At the Oval on Sunday, Dhawan, Rohit and Kohli together put on 72 per cent of India’s runs. They had done their bit, once again, albeit it was clever strategy at play. A batsman was always charged with holding one end together – Rohit and Kohli did this job. The other end, well, that’s where the power hitting came from. Dhawan earlier on, and then Dhoni-Rahul – even so, it is the in-between link-up that mattered most.
Pandya walked in at 4, and survived a golden duck. In hindsight, Alex Carey’s drop cost Australia the game, for the all-rounder thereafter put on a fearsome batting display, hitting four fours and three sixes during his 27-ball stay.
Mere numbers though don’t define his impact. It is seen in the manner he took on the bowlers.
Dhawan had earlier targeted Nathan Coulter-Nile, and now it was Pandya’s turn. He is always key to Australia’s middle-overs bowling, and coming later towards the death too. With Pandya going after him, for the second time in this innings, skipper Aaron Finch had to re-think his bowling options. Just like earlier against Dhawan, Finch then brought out the spinners. Boom, boom – Glenn Maxwell and Adam Zampa were duly dispatched for sixes.
Yes, it was power hitting at its best, but that alone doesn’t define what the 25-year-old can do in such a situation. Today, Pandya is a batsman who is fully aware that he can clear the boundary whenever he wants. But it is not all about power. It is a calculated assault, one that he meticulously prepares for.
Ahead of the tournament, during two of India’s practice session, Pandya had walked into the side nets with R Sridhar. The fielding coach then fed him tennis balls, shot with a tennis racquet at half-pitch distance, all of them waist high. The workout? Pandya built up muscle memory, as he practiced smashing them over midwicket and square leg.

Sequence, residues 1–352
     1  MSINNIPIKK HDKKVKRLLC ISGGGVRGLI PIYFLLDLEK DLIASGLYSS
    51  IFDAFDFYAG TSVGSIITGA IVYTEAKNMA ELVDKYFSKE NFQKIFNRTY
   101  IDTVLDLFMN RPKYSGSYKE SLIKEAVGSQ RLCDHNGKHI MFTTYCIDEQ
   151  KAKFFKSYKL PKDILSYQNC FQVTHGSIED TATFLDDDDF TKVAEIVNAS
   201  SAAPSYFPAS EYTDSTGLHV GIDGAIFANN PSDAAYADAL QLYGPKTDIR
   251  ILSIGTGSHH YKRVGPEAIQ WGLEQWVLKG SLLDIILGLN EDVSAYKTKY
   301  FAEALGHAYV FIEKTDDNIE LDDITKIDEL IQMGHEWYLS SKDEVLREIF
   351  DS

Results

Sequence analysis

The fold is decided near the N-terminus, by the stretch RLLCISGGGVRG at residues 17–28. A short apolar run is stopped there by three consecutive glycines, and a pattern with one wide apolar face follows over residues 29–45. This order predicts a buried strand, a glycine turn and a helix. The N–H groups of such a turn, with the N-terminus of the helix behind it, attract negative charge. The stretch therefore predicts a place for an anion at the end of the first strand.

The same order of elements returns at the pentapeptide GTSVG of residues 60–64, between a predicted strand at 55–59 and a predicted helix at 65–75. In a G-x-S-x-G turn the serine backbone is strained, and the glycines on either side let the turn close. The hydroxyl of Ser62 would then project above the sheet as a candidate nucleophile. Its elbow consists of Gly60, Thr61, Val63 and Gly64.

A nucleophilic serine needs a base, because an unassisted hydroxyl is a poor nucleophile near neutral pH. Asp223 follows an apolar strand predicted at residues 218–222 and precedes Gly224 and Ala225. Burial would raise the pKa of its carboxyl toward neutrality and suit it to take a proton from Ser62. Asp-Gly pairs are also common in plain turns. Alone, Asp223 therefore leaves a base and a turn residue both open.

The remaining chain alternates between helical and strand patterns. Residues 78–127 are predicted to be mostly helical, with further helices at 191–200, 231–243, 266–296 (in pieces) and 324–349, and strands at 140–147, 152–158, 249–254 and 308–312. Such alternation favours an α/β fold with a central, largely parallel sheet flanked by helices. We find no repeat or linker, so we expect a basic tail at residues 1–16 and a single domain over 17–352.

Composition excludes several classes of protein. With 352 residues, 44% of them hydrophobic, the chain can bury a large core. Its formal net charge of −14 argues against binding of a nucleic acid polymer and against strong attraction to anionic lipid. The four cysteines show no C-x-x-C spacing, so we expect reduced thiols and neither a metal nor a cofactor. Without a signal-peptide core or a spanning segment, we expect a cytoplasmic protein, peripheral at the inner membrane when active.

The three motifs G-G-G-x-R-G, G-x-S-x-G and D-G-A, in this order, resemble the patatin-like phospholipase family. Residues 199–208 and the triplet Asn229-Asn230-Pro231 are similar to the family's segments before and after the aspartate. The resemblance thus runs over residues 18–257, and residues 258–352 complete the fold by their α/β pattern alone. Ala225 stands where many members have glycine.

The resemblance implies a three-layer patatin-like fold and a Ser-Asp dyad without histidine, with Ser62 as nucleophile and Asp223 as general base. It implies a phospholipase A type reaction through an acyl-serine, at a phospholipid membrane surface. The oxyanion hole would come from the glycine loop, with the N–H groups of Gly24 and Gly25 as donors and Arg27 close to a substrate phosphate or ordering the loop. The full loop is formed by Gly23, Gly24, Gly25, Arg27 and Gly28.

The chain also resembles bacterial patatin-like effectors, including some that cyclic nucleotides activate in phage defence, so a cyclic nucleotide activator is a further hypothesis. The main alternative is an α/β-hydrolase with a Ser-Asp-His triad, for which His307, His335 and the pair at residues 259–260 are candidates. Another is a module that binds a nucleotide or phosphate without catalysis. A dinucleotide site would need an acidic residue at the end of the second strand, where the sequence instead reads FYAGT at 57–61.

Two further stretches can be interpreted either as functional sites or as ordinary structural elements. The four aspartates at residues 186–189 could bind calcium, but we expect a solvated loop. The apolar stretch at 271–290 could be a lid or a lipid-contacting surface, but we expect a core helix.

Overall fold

And perhaps the standout moment from his cameo innings against Australia came in the 44th over. First he smashed Pat Cummins straight over long on. The very next ball, with third man up, he guided the ball past him for four. It was in this moment that his mental awareness stood out and reflected why Kohli was happy being a mute spectator.
The Indian skipper later said: “He said, since I was at the other end, he could strike the ball at will (even strike-rate 200). We back him so much because he has game-changing ability and he believes in himself a lot. He’s in a good space right now. I’m really delighted to see him come back so strongly. He’s not taking things too harshly on him. He’s just having fun and respecting the sport, and just playing for the love of it, which is really good to see.”
On Sunday, Pandya took charge of the Indian innings and showed what they missed in New Zealand. And fans back home can breathe easy knowing that the all-rounder has put that television show controversy into the shade, moving on to better things like concentrating on the game.
Is he a better person for it? Who knows, and how does it even matter? His cricketing skills matter, and that incident has spurred him on to a better purpose.
Truth be told. There is a spark about him, now. You can call it the Pandya factor.